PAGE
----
Chametz in Israeli Hospitals on Passover Harms 'Right to Life,' Rabbinate Says

Rabbinate tells High Court that ban on food that isn't kosher for Passover is in keeping with Israel’s values and that it is legitimate to require hospital staff to enforce it

FILE PHOTO: Adolescent ward at Tel Hashomer Hospital, 2017.
Ilan Assayag

Israel’s chief rabbinate argues that allowing chametz – food that isn’t kosher for Passover – into hospitals during the holiday would seriously violate the fundamental legal principles of the right to life, equality and freedom of religion. In response to a petition filed with the High Court of Justice in early October, the rabbinate also argues that allowing chametz in hospitals would be misleading to the public.

The rabbinate asked the court to reject the petitions that have been filed against the ban on chametz. Another hearing is scheduled for November 20.

A year and a half after Adalah and the Secular Forum petitioned the court against the chametz ban, the rabbinate maintains that the only solution to the dispute is to preserve the status quo, arguing that the ban on chametz in hospitals is in keeping with Israel’s values as a Jewish and democratic state, and that it is legitimate to require hospital staff to enforce the ban, just as they are required to enforce many other rules.

In March, Justices Neal Hendel, Uzi Fogelman and Ofer Grosskopf issued an injunction requiring the government to explain why disposable plates and cutlery could not be used, or some other proportionate solution, and why hospital security guards should be involved in the enforcement of kashrut.

On October 3, the rabbinate submitted a 38-page response, in which Rabbi Yaakov Sabag, head of the rabbinate’s kashrut department, addresses two proposed solutions – the establishment of “chametz zones” and the use of disposable dishes.

He writes that either option would, “with ‘near-certainty’ create major problems for the kashrut of the hospitals and ultimately deceive and defraud the public, and seriously violate fundamental legal values such as the right to life (as kashrut-observers may refrain from obtaining vital medical care during Passover), the principles of equality and freedom of religion, and also give rise to fierce and unnecessary disputes and social tensions with unforeseeable consequences.”

The rabbinate argued that preserving the Passover status quo in hospitals is also a “national value” and that the hametz ban is one of the main symbols of life in Israel. The rabbinate says its aim is to prevent a place that presents itself as kosher for Passover from leading kashrut-observers to consume chametz during the holiday.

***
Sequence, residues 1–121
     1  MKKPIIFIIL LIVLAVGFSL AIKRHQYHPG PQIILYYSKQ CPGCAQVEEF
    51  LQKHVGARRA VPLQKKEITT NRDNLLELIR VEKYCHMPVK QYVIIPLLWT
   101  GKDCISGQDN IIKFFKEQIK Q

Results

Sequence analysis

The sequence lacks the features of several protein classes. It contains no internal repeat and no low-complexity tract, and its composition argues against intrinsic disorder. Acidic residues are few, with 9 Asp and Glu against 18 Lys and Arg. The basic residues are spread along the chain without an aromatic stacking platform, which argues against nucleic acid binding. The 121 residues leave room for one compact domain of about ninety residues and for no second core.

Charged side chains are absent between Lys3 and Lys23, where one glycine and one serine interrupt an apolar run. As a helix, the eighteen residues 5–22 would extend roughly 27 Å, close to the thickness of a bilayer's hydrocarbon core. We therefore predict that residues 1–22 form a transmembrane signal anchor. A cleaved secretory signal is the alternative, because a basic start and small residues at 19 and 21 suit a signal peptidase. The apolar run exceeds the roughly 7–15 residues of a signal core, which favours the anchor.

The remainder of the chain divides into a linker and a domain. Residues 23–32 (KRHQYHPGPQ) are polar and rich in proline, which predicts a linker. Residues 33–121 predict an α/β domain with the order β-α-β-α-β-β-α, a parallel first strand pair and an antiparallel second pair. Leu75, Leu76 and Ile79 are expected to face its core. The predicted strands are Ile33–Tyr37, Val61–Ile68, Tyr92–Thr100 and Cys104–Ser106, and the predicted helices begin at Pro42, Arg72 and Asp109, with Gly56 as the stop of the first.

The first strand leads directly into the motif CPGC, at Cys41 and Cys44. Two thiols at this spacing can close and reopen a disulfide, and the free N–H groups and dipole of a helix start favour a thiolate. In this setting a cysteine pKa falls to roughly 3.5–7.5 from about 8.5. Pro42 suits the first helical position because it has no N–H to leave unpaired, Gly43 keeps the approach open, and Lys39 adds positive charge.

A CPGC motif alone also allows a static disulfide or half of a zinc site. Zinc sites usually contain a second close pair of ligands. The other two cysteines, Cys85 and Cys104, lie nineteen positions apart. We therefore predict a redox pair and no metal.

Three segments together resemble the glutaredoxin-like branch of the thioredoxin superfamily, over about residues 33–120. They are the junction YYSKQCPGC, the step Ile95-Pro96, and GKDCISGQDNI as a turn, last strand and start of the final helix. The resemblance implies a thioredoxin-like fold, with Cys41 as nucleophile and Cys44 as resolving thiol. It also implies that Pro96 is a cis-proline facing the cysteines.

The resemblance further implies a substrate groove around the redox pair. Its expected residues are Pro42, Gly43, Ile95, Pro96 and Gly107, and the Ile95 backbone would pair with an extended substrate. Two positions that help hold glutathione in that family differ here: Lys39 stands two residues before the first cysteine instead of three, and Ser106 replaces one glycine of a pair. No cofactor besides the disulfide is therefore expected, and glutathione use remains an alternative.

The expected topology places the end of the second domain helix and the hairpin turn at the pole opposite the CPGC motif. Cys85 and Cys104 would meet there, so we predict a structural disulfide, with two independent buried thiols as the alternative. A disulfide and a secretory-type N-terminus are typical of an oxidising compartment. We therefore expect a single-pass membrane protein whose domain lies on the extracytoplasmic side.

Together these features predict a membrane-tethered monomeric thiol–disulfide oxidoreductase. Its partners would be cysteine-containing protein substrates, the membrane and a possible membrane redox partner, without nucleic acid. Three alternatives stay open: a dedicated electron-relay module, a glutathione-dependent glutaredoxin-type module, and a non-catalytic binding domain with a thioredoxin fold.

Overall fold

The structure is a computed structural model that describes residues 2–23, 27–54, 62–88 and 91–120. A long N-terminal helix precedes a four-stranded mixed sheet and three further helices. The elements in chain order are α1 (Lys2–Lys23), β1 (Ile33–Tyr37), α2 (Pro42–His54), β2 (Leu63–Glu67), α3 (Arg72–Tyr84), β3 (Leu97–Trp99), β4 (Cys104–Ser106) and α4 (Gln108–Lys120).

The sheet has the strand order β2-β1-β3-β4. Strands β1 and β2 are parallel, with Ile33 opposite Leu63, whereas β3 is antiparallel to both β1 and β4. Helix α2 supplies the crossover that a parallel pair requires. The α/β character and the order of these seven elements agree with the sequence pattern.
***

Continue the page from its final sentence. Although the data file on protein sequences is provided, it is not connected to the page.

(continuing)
It also says that while there is no law that explicitly requires hospitals to observe kashrut, the hospitals do so.

The rabbinate argues that the designation of “chametz zones” in outdoor areas of the hospital would very likely lead to kosher and non-kosher food getting mixed together, and that the use of disposable dishes and cutlery could endanger patients’ lives and cause a host of problems.

The Health Ministry has previously objected to this proposal, saying it is not technically or economically viable and would also be very harmful to the environment.

The rabbinate compared kashrut enforcement to the enforcement of other rules in medical institutions, citing bans on loud music, guns, animals and limiting visiting hours as “impinging on a person’s free choice,” but which everyone clearly agrees are necessary.

Adalah, the Legal Center for Arab Minority Rights in Israel, denounced the arguments.

“As if it weren’t enough that the rabbinate is trying to impose religious laws on the entire public, now it also wants to expand the definition of the core characteristics of the state’s Jewish identity to include values that are clearly of a religious nature,” attorney Sausan Zahar said.

“Imposing Jewish religious values on Arab hospital visitors on the grounds that the Passover chametz ban has become a national symbol of the country, is equivalent to adopting the notion of superiority that is at the basis of the nation-state law. Also, the rabbinate is brazenly denying patients’ legal rights, including the right to choose the place of treatment and the right to receive visitors. This just exemplifies the oppression facilitated by this ban from the outset.”